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Discussion Starter · #1 ·
Hello to everyone. Thanks for all the information I have been able to find in this forum.

So I've been road riding for almost a year now on my hardtail mtb, doing weekend rides of up to 70 miles. I know that road is what I want to do so I'm ready to get a proper road bike. I have a limited budget, who doesnt, and would like a really good bike that I would not want to replace for a few years.

I have read a lot for a few weeks now and I'm still undecided. I would prefer a carbon frame because I understand that it transfers less of the road vibrations, which in my country is a little more than usual. However, I'm not opposed to other materials outright, it is just a preference.

Because my budget is just a few dollars above 1.000 I came to the conclusion that my options are either a used branded bicycle on ebay or a chinese carbon frame with a group in the shimano 105 price range.

Are there any options that I have overlooked? What would you do if you were in my situation?

Keep in mind that where I come from labor is cheap so going to my LBS to get things tuned and fixed is a cheap possibility.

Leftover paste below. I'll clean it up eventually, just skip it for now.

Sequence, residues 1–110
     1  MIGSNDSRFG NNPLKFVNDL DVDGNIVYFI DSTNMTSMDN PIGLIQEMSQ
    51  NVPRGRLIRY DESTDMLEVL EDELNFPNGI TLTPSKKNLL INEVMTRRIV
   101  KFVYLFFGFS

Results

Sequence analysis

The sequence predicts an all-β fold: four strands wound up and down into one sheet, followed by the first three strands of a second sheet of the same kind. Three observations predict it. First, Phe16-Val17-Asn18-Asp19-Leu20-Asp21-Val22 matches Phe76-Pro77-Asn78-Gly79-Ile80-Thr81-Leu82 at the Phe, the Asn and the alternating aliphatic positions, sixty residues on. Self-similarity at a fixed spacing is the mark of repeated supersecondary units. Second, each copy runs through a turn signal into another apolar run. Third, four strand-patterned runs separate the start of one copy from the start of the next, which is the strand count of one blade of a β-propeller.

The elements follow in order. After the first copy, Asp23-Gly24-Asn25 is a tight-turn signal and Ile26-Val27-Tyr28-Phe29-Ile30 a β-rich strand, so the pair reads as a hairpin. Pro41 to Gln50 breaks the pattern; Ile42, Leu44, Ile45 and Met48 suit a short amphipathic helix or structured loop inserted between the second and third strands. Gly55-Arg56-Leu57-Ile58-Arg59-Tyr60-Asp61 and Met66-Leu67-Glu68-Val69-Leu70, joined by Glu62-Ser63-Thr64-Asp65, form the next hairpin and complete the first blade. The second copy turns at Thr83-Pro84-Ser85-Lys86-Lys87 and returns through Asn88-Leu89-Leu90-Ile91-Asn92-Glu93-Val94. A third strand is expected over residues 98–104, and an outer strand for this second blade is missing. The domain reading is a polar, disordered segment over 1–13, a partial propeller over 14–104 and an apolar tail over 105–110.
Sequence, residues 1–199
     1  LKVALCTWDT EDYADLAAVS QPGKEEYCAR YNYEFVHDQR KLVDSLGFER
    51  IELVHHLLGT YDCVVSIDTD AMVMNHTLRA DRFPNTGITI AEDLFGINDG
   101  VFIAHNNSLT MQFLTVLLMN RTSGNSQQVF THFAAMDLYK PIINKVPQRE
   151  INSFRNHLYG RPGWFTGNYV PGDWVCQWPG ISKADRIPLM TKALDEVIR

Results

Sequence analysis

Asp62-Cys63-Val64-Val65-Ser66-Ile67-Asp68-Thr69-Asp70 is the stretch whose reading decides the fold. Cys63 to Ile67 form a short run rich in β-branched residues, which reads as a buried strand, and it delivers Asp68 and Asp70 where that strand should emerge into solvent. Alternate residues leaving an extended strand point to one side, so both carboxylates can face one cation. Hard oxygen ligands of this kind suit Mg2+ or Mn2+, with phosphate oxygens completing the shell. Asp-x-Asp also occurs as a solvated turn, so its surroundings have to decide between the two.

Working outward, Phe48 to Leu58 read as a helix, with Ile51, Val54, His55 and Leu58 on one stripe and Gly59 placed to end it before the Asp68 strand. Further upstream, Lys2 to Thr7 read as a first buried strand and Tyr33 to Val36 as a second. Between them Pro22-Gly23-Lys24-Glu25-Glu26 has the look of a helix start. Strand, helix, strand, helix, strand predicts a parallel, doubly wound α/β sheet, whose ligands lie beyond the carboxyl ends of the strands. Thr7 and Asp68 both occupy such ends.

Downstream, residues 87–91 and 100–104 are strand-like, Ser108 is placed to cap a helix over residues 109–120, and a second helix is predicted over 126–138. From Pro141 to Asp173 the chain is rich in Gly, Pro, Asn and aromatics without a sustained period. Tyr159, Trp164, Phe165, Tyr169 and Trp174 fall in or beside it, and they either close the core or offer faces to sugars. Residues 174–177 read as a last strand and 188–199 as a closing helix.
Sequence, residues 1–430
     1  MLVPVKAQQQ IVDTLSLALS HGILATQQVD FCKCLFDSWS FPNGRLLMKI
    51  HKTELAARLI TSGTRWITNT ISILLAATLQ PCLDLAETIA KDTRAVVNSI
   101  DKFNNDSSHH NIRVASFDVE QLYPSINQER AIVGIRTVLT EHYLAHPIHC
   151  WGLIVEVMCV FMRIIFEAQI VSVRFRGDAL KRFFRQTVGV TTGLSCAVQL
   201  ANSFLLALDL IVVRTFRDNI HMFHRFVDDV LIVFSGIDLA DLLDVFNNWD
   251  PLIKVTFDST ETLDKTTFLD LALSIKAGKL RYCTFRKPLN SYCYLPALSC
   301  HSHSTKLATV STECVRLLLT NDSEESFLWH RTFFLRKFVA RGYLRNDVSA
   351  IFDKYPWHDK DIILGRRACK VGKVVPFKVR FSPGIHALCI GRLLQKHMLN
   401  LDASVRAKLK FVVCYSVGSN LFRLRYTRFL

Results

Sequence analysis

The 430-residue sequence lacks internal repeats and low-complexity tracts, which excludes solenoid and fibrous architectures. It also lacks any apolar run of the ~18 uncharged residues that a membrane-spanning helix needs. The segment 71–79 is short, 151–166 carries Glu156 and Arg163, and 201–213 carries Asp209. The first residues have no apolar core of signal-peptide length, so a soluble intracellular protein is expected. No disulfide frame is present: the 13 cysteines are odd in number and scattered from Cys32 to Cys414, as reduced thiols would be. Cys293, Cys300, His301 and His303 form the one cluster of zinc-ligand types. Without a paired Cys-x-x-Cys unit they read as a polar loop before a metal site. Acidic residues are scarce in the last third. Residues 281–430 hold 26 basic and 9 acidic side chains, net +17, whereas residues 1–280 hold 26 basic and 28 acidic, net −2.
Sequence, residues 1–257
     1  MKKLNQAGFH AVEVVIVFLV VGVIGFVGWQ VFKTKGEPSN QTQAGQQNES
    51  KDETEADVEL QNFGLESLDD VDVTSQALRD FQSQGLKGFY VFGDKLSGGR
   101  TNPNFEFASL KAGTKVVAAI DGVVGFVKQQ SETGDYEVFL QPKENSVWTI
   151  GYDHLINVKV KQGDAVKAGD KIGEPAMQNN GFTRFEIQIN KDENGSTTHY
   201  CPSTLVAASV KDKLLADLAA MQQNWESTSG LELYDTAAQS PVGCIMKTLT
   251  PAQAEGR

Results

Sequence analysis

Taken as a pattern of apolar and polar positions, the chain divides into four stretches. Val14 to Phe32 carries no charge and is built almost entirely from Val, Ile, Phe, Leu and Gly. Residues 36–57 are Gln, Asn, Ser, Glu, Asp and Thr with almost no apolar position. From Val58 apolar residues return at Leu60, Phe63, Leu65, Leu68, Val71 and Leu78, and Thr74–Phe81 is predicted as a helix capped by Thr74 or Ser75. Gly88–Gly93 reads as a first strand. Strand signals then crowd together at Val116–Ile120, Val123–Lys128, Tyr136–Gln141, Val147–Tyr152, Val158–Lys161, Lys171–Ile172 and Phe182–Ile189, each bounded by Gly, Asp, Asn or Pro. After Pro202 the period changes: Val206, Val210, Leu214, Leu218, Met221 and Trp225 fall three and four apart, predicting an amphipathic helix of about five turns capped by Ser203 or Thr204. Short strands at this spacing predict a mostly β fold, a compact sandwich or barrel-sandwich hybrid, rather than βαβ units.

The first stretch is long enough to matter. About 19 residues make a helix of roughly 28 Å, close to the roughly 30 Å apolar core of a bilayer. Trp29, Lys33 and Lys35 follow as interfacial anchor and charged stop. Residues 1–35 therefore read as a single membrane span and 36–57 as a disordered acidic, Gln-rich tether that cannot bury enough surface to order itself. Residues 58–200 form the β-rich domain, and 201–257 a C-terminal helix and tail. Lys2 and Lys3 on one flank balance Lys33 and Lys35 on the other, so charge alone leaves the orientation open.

Thank you again.
 

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I would prefer a carbon frame because I understand that it transfers less of the road vibrations.
That's not true. How a frame is made has far more relevance on how it rides than the materials it's made from. For instance - my custom titanium frame is more forgiving than the carbon frame it replaced.

And here's the biggest thing - tires (their volume) and their pressures have a far greater impact on "road vibrations" than any frame, short of a full suspension bike. Tires will deflect about a centimeter or more compared to a fraction of a millimeter of a frame. Choose tires for your road conditions, desired ride quality and your weight and then work backwards - choose a frame and components to fit those tires.
 

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Welcome to RBR, GemF89!